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So you are thinking about pouring your own bearings! Congratulations on taking the leap. The first thing most people want to know though is what supplies and such will they need to get the job done. Here is a basic list of items you will want to get before starting the job.
If you are going to pour Babbitt bearings, the first thing you will need is the Babbitt metal itself. There are basically two types of metal out there - lead based and tin based. Generally speaking, you can use lead based Babbitt on slower speed applications such a drill press or band saw but will want to spend the extra money on tin based babbitt for high speed applications such as planers and jointers. For more information on this topic, see the following entries:
When you pour Babbitt bearings, you need something to use as a damming material to keep the molten metal from pouring out of the open ends of the bearing shell. This dense putty like material (it is similar to the consistency of play-dough), can be easily molded around shafts and bearing shells to perform its intended task. Sold by McMaster-Carr as "Casting Retainer Putty", it goes by the trade name "Babbitrite".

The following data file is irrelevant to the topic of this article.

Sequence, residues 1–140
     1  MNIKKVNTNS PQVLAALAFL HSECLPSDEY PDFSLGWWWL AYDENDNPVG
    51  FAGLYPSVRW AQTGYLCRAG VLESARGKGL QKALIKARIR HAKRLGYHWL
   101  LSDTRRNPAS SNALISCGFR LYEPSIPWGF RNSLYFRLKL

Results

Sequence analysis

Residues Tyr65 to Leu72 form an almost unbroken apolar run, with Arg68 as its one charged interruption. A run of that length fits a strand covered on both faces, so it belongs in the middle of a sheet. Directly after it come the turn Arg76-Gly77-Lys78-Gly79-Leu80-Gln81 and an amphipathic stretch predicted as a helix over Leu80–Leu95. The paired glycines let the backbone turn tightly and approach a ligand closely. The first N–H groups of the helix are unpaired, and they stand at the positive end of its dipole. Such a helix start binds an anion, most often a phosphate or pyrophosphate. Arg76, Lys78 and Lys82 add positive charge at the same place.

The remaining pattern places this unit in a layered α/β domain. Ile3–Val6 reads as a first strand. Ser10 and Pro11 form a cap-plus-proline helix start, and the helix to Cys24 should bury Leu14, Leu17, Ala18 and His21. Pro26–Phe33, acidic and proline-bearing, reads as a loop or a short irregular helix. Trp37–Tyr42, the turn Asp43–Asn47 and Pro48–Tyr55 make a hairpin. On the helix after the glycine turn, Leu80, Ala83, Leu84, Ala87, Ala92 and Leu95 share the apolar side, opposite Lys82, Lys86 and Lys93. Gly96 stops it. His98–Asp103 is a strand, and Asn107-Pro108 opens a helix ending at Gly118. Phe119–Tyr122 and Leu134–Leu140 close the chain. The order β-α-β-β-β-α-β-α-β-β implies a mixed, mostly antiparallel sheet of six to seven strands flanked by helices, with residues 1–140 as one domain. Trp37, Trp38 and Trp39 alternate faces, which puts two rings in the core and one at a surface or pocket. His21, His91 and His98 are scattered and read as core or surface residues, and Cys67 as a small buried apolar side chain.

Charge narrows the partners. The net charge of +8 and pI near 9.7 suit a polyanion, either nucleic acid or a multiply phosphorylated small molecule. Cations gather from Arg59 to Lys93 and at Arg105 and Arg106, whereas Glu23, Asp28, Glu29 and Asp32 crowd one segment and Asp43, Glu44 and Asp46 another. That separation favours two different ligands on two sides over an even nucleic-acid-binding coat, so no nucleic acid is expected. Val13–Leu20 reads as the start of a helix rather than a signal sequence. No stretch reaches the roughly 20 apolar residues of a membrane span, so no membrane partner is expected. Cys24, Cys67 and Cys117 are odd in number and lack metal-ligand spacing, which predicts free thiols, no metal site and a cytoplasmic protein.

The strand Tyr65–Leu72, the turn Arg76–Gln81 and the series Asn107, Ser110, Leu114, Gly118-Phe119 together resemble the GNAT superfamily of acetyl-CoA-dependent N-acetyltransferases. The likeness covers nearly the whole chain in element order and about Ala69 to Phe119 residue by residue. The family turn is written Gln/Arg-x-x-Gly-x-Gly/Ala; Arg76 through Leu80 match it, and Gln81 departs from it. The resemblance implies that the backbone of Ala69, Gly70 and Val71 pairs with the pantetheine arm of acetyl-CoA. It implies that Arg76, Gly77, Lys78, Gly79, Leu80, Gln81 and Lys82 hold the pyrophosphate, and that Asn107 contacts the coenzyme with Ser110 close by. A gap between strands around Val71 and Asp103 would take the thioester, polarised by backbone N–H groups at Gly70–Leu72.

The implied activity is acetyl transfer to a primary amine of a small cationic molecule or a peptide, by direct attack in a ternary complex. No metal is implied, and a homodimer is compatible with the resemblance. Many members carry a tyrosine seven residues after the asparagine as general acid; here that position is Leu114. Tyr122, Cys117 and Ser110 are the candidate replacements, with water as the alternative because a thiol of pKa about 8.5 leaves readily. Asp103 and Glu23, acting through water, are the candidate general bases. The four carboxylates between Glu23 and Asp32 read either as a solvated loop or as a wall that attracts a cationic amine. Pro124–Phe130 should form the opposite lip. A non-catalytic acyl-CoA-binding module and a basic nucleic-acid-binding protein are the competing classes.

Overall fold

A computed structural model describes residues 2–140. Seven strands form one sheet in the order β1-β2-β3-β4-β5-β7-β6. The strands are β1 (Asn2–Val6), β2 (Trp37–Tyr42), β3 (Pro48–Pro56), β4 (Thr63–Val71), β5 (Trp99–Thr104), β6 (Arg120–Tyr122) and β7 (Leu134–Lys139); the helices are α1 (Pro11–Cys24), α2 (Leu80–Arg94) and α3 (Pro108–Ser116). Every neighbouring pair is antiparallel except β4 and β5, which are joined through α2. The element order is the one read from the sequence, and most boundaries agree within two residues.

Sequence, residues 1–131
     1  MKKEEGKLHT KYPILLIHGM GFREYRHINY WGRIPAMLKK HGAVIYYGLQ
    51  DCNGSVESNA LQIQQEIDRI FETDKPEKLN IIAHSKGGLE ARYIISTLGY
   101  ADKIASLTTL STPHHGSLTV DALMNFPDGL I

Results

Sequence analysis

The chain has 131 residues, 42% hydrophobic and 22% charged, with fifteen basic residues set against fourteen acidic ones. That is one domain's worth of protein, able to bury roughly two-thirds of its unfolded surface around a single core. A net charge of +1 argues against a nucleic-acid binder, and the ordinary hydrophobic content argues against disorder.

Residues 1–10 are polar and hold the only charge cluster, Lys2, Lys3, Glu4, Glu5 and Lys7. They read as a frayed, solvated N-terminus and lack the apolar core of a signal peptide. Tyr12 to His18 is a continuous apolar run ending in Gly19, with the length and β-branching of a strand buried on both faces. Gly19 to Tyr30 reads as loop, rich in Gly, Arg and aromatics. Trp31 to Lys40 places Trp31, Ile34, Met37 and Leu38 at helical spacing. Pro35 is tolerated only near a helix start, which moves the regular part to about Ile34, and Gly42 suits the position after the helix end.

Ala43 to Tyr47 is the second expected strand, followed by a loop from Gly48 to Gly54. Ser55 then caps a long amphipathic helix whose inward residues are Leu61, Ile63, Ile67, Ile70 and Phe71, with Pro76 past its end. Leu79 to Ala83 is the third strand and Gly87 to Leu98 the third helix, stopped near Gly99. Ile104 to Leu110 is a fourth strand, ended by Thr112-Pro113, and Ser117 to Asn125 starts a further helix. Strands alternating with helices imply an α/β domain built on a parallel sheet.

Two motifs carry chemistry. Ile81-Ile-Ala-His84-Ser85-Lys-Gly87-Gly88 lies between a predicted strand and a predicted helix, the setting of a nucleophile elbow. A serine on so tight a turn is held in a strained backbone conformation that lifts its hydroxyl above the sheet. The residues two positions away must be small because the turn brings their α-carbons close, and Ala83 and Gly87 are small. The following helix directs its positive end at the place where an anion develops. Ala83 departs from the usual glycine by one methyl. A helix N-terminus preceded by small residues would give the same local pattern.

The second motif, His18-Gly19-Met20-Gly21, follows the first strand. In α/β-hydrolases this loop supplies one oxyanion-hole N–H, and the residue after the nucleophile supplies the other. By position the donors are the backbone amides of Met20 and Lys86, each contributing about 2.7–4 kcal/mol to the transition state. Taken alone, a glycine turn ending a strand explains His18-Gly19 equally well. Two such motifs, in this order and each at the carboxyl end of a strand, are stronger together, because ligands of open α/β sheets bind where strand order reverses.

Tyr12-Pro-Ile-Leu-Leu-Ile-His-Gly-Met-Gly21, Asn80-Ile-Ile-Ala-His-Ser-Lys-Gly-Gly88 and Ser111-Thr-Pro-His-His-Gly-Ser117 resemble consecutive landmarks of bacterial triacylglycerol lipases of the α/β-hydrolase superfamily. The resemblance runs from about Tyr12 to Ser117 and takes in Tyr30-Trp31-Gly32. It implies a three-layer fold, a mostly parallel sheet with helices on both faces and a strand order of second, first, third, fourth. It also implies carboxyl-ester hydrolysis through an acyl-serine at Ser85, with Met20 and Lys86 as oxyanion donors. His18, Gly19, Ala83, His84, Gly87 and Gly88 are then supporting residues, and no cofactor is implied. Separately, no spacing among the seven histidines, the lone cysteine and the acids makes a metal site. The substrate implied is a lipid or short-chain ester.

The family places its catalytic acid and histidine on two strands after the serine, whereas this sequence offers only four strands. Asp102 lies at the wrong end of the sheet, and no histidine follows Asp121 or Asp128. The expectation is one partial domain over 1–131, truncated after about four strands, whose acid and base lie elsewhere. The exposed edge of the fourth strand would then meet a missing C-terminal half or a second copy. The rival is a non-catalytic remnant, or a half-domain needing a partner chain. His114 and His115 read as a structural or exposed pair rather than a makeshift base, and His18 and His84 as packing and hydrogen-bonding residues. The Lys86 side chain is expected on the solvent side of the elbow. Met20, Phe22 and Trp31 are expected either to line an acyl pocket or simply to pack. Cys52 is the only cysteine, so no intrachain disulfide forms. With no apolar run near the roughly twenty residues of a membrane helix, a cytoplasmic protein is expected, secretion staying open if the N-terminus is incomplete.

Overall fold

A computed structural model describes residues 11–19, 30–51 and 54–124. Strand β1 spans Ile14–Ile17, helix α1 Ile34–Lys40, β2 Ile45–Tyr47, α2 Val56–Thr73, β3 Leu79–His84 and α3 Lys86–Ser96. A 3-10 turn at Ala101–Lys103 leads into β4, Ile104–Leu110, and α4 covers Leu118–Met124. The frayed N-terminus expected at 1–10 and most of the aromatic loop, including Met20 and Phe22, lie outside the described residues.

You need something to melt the babbitt in. Some people use a melting pot (a cast iron pan will actually work) but I fine it easier to just melt it right in the ladle that I will use to pour from. The ladle end will need to be pretty heavy - cast iron or shaped steel plate will work. I bought a 6" x 2.5" Steel Flat Handle Ladle from McMaster-Carr several years ago and it has held up well and will hold more than 5 lbs of molten babbitt - plenty of metal for most pours you will deal with in restoring machinery.
You will need a heat source to melt the Babbitt on. Chances are, you probably already have something that will do this around the house. A small propane camp stove works great but a electric hot plate or even the kitchen stove will do (Warning - do not try melting babbitt on the kitchen stove if you wife is at home - don't ask me how I know!). Some people have melting babbitt on a gas grill and in a worst case situation you can even do it the way the old timers did - over an open fire.
You will also need to pre-heat the bearing shell and shaft before pouring. An oxyacetylene torch is best for this since it make the most heat but you can easily get by with a propane or mapp torch just fine - it is just a bit slower.